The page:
Rickaro Books calls time on the high street after almost two decades
It has been a fixture of Horbury’s high street for nearly two decades in a time that many independent shops were replaced with carbon copy chain stores.
Rickaro Books was opened by Richard and Carole Knowles 19 years ago.
Now they have decided to call time on the shop to focus on the online aspect of their business.
Richard said: “I genuinely thought I’d do it for a little while but 19 years on we’re still here.
“It has always been profitable, not massively so but it’s never lost money. We’ve had nice loyal customers who seem to be quite sad we’re closing. In a way, it’s nice but in another it’s sad.
“It has become more challenging over the last two years so we decided it’s the right time.” Sharing the gift of reading, from the rare books the business deals in to the first stories picked up by children, has been the most important thing to Richard and Carol.
Richard said: “The best parts have been seeing children come in from being toddlers, some of whom have their own children now. And on a personal level the great books we have handled.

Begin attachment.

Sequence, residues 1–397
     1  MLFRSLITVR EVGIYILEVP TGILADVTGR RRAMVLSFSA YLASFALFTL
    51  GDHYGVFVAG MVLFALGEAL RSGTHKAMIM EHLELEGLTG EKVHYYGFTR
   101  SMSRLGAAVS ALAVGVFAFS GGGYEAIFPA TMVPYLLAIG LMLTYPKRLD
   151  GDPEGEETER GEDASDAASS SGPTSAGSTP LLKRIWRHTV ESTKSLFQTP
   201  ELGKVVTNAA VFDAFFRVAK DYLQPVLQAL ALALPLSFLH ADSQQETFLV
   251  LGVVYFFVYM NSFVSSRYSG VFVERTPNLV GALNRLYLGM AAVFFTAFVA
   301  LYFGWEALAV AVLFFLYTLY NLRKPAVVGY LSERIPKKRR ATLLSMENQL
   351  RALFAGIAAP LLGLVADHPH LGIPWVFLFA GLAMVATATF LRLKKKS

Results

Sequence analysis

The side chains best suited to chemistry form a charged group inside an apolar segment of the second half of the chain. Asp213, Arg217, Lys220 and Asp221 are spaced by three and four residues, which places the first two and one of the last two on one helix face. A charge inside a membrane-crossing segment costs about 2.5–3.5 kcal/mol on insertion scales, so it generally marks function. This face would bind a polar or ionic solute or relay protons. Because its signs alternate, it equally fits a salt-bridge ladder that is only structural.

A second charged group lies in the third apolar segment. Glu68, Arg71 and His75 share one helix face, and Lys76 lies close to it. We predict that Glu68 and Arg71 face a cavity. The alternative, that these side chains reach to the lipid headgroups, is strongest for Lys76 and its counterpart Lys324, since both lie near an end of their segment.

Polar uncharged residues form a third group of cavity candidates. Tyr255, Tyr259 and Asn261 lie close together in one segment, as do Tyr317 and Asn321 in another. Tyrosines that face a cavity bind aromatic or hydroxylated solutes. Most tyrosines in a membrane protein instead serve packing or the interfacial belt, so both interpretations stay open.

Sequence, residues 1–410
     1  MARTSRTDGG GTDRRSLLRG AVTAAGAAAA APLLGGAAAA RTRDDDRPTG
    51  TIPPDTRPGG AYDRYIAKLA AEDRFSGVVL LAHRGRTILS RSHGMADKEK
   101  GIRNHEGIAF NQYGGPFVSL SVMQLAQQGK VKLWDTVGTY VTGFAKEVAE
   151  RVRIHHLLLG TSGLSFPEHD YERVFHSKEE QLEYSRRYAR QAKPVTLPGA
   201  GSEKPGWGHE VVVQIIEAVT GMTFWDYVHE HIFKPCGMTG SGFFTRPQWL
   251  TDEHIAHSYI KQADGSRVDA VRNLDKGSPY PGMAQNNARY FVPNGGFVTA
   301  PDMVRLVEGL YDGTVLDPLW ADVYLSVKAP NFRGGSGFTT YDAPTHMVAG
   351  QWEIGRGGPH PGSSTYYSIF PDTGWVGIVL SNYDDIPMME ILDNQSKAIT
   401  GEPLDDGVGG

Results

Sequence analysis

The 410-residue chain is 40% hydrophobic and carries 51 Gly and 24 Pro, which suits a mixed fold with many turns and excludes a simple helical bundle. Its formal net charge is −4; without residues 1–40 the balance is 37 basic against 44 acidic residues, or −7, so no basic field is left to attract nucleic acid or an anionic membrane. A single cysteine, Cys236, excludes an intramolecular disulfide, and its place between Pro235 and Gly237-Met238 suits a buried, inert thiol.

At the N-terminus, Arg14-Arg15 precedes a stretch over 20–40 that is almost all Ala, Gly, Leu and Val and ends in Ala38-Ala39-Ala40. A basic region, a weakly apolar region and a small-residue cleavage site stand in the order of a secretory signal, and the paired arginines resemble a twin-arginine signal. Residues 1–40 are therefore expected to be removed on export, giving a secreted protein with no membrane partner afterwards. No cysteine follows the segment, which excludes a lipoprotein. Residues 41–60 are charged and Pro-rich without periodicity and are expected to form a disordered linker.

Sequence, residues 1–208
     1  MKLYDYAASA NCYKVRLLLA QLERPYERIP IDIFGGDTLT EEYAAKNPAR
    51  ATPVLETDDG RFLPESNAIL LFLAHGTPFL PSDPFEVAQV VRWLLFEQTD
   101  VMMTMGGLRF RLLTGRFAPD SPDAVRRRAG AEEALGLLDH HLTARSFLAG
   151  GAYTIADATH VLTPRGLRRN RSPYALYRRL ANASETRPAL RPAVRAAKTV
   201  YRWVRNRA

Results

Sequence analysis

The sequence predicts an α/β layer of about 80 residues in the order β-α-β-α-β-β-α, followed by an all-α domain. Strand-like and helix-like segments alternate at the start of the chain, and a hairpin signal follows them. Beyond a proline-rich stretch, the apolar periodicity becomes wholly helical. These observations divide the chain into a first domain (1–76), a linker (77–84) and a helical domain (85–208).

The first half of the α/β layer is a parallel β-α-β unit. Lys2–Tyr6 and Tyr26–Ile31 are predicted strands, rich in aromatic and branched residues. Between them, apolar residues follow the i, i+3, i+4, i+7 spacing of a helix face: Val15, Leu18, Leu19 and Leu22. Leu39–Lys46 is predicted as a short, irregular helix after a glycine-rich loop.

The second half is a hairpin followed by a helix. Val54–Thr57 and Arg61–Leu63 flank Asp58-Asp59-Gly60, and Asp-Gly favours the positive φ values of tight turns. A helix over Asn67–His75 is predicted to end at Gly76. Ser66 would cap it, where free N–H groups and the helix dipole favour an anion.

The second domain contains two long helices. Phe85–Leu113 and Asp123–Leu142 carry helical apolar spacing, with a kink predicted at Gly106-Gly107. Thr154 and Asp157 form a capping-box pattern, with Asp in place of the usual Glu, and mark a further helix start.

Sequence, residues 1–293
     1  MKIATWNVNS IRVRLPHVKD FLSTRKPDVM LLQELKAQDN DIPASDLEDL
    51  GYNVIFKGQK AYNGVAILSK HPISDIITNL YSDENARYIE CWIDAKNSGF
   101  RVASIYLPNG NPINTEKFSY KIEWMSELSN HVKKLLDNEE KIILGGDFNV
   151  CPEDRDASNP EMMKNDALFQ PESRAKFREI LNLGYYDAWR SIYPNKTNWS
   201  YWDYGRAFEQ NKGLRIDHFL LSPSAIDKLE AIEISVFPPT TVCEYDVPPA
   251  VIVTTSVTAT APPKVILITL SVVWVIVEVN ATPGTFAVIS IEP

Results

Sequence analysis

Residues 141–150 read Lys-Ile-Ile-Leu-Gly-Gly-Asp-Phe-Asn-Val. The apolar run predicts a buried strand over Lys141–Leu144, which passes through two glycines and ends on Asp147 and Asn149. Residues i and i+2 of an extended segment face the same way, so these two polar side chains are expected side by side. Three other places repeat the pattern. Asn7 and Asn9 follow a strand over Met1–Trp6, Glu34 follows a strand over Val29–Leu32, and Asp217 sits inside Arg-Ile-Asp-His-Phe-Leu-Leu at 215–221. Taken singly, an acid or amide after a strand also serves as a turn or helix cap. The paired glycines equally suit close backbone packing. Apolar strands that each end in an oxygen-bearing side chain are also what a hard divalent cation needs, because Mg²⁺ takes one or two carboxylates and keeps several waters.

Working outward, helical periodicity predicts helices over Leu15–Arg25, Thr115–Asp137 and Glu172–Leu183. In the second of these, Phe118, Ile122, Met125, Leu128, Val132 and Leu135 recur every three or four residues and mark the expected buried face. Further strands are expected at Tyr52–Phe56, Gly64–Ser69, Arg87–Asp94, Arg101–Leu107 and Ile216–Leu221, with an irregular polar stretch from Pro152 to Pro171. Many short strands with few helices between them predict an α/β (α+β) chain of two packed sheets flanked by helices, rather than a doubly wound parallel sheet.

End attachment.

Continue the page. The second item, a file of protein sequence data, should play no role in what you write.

“And things like selling Harry Potter novels. Whatever you think of them they have changed children’s lives and we’ve had queues right down to the street. People said they haven’t seen queues like that in Horbury since rationing.”
Though it’s the end of the shop as it stands Richard would be happy to hand over the reins.
“We don’t want a lot for the business. And I would be willing to act as a mentor for anyone who wanted to be a bookseller,” he said. “We would love to see it continue as a bookshop and we’d do anything we could to further that.”
The shop has always championed local interest literature and Richard recommended recent release The Buildings of Tudor and Stuart Wakefield by Peter Brears.
He said: “This is a wonderful book. I think it’s the most important book on Wakefield since JW Walker’s History of Wakefield.”